Court rules civil commitment statutes don’t apply to foster children, North Star Hospital

A three-year-long legal argument about committing foster children to North Star Behavioral Health Hospital is one step closer to resolution. A judge ruled in late March that the Office of Children’s Services can legally commit foster kids to the psychiatric hospital without getting a judge’s approval.

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Anchorage Superior Court Judge Erin Marston ruled that the state’s civil commitment statutes don’t apply to North Star because it is not included in the legal list of designated treatment and evaluation facilities.

Assistant Attorney General Steven Bookman, who argued the case on behalf of the state, said there is not a specific statute that limits the amount of time a child can stay at North Star.

“You have to remember that parents will take their children to North Star Hospital,” he said. “If you were trying to arrange for medical care for your child who is experiencing a psychiatric crisis, it might seem odd that there’s a statute that says you can’t do that or that that has to be judicially reviewed.”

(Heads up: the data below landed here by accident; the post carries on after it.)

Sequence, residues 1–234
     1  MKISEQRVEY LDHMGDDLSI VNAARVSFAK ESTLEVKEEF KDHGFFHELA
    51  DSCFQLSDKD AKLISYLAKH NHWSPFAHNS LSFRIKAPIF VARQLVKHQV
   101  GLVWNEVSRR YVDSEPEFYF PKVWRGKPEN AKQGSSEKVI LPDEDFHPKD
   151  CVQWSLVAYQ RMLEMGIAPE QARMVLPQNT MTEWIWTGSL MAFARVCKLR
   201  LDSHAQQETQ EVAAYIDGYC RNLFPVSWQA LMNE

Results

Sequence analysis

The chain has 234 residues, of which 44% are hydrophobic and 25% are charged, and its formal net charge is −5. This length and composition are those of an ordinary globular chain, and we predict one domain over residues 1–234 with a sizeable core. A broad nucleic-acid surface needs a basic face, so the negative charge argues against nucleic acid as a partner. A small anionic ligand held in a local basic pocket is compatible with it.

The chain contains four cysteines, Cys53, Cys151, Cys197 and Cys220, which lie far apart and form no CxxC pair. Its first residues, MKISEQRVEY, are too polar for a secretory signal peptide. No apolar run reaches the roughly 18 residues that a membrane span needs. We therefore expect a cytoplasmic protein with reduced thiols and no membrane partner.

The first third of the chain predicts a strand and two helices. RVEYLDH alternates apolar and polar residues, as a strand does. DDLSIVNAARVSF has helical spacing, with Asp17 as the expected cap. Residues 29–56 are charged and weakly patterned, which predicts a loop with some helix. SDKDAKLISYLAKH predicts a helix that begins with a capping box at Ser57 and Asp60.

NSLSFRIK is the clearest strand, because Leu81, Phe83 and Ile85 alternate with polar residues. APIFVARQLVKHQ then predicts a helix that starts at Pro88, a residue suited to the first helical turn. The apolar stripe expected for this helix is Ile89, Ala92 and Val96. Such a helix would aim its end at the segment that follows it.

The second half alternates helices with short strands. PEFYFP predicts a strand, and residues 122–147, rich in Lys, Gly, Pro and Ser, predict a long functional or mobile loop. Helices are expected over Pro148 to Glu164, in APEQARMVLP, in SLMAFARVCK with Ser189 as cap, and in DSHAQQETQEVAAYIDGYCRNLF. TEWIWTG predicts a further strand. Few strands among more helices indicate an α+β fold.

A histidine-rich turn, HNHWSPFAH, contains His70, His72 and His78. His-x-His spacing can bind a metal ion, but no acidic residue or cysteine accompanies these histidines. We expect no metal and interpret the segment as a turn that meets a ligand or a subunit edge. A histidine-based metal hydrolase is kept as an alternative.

In Judge Marston’s order, he argues that OCS is the legal guardian of foster children, so they have the right to voluntarily send children to North Star if necessary.

About two years ago he mandated a judicial review of each case within 30 days of the child entering the institution, meaning a hearing had to be scheduled by a judge. *OCS policy already requested judicial oversight.* The tribes of Hooper Bay and Kongiganak wanted a review within 72 hours, which is what the law says is required for adults who are involuntarily committed to a designated psychiatric treatment center.

Bookman says 30 days seems like a reasonable amount of time for a review to ensure that foster children are receiving the medical care they deserve.

“I think the right in having a judge review the admission to North Star has to be balanced against the need to to make sure the child’s needs are being properly evaluated. And it is going to take some time to do that,” he said.

For the tribes, the 30-day review requirement was not what they were seeking, but it’s still a small victory. However, the tribe’s lawyer, Sydney Tarzwell, said the ruling that civil commitment laws do not apply to treatment facilities that are not on a designated list has far reaching implications.

“That idea that any facility that’s not a designated treatment facility or evaluation facility — that they aren’t governed by these laws — there’s no reason that would be restricted to foster youth,” she said. “Any person could end up locked in a psychiatric facility for as long as the facility wants for whatever reason without any court oversight.”

Tarzwell said some procedural matters still need to be settled before they can decide if they are going to appeal the case.